We followed in the direction of the Giralda, which towered like a beacon leading us to it; passing up historical buildings and parks on the way that we had read about: the Torre de Oro, Parque de Maria Luisa, the Plaza de España. But most impressive was when we were in view of the Cathedral with Giralda towering next to it, and all that surrounded it: The Archivo de Indias, the Palacio Arzobispal, and the Alcázar. I advised Vidal to park somewhere near the cathedral so we could find a nearby hotel… I really thought that would be easy; Vidal had really forgotten that we had no hotel reservation (we were supposed to be WINGING IT, I reminded him!). No street parking available, Vidal was seething as he kept driving, eventually finding a parking garage 5 blocks away, in the Barrio (‘neighborhood’) Arenal. We parked and took off to find a cheap hotel, hostel or pensión nearby. We wandered around a plaza behind the parking garage and through alleys, finding expensive hotels but no luck for a cheap one. We knew we would not find hotels as cheap as one can easily find in Latin America, but this was bordering ridiculous. Our friends in England had lent us a Spain travel book, which we had brought with us. In it were recommendations of a few hotels with $$, $$$ and $$$ in lieu of prices for the hotels. There were no cheap $ hotels listed, but there was one which seemed quaint and which Vidal became obsessed with finding – regardless of my pointing out the $$$ sign which indicated it would NOT be in our price range. We found it, it was indeed $$$, we kept looking for an alternative. 30 minutes into the search (not to mention it was HOT!) and afraid to wander too far (as I personally knew 2 people who’d had their rental cars broken into), we headed straight for the cathedral and decided to try our luck on the other side of it, where we initially thought would be more expensive.
THE LONG AND WINDING ROAD THAT LEADS TO YOUR HOTEL
Through very narrow and winding streets, we saw a sign for Hotel Sierpes someone near the expensive hotels had recommended, so we followed it. Very quaint; even better it was very cheap. Right up our alley. Literally. The streets were all so narrow they could barely pass for streets, but could pass for alleys. The interior was full of Spanish charm, with beautiful tiles, a bit of religious art in the form of the face of Jesus with his thorny crown painted over 12 tiles; the lobby looked much like some cozy living room with chandeliers, a few antiques here and there, wicker furniture, lace curtains and a grandma asleep in a rocking chair near the TV; a crocheted blanket thrown over her. We paid, got our key, and were given a map to follow to drive back, as they had a parking garage included. The guy told us to be careful, as it was now mid-day rush hour, and we might not be able to make a left turn on the main street. If that happened, we would have to go up a few blocks and around to the main roundabout and head back to make a right turn… Sounds easy, right???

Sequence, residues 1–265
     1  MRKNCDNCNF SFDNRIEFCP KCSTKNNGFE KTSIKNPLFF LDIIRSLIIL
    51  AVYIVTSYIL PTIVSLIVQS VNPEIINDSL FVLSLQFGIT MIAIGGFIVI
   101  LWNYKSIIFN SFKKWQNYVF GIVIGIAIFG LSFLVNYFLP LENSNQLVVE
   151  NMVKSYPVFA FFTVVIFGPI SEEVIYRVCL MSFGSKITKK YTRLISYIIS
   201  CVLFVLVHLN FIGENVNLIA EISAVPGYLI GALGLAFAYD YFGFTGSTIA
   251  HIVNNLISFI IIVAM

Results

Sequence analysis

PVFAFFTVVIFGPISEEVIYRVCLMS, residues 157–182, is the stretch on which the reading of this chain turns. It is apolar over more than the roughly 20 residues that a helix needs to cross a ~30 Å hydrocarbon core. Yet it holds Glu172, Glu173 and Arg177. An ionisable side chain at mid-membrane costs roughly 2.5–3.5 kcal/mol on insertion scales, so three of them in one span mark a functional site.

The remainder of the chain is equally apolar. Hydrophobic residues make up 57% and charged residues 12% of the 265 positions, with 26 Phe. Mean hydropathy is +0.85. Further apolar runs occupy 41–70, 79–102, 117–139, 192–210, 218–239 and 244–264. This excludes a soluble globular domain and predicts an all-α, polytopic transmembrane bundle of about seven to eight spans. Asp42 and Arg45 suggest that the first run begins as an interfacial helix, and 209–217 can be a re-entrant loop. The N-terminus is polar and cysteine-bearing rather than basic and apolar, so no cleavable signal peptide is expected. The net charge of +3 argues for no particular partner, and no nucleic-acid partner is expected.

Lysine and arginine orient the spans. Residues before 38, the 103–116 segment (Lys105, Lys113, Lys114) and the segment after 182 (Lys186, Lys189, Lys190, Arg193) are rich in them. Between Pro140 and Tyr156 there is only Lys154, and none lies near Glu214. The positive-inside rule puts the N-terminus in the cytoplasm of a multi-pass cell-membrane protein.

LOOK KIDS! IT’S BIG BEN! PARLIAMENT!
With my great sense of direction, we found the parking garage and our car lickety-split, I with the map in hand and Vidal at the wheel, following the directions on the map to the main street-Avenida de la Constitución… No left turn. We waved to the Cathedral and Giralda on the left as we passed by, found the roundabout and headed back, but had to go a few blocks out of our way, as the right turning lane was blocked at an inconvenient spot for us… but we missed the right turn. We had to turn around, wave once more at the Cathedral and Giralda, back around the roundabout and the long detour… Missed the turn again. Turned around, waved at the Cathedral and Giralda. Back around the roundabout, this time Vidal snuck in behind some other cars who snuck into the supposedly closed right turn lane, as I cowered low in my seat, as if that would make us and the car invisible… The Cathedral in sight…. SLOWLY… Vidal turned right. We followed the map, which unfortunately was not too clear about one way streets, and we ended back up on the main street. Thank God we didn’t have a problem with our tiny Rent-a- Matchbox Car, as nothing bigger than a thimble could maneuver through those narrow streets! Turned around, waved once more at the Cathedral and Giralda, once again around the roundabout and the illegal right turn lane, made the right turn and tried another street… Same result; led us back to the main street. Yes, we were stuck with Chevy Chase as his unforgettable character Clark Griswald in National Lampoon’s European Vacation II! I waved on the left at Big Ben & Parliament…I mean, at the Cathedral & Giralda, round the roundabout and who cared if we were caught in the illegal right lane at that point; back to the right turn… This time we were going to ask a taxi driver. He gave us directions, which naturally led us immediately to where else? Avenida de la Constitución! I could no longer keep a straight face as my overactive imagination had replaced Vidal in the driver’s seat with Chevy Chase/Clark Griswald, grinning maniacally. Roundabout…Illegal lane… Right turn… Ask directions… Avenida de la Constitución. No longer certain if Chevy Chase/Clark Griswald was shouting out loud or just in my head, but I heard him clearly:
“Hey, kids! Look! Its Big Ben! Parliament!”
although I was not quite sure what kids he was referring to, as we had not brought our cats with us. Maybe I was just hungry. Roundabout… Illegal lane… Right turn…
SERIOUSLY, ARE WE THERE YET?
Vidal wanted to pay a taxi driver to follow; I was a bit more optimistic (more accurately just plain adhering to my rule of NEVER asking for directions- I WILL find it!) and said no, let’s have faith and try following the map just one more time. Supposedly we were supposed to turn left on this one street, but it said wrong way. The coast was clear; we went for it, praying… And at 2:30pm sharp, we found the hotel, a full 3 hours after we had arrived in Sevilla. The guy had all but given up on us, as it had been over 2 hours since we had left him! The beauty of it was that we had discovered in a roundabout way (pun intended) that we had just accomplished one of my wishes: To wander the streets of Barrio Santa Cruz: the Jewish Quarter. Yes, God really does have a marvelous sense of humor. We unpacked, freshened up and headed for the cathedral, only to find the Giralda was closed for construction. Oh, well. So we would not get our bird’s eye view of Sevilla on that trip… Having said that, I was not so sure I wanted to see anything more of Giralda quite yet, anyway!
(Excerpt from: A Pile of Rocks on the Side of the Road: Taco’s European Adventures)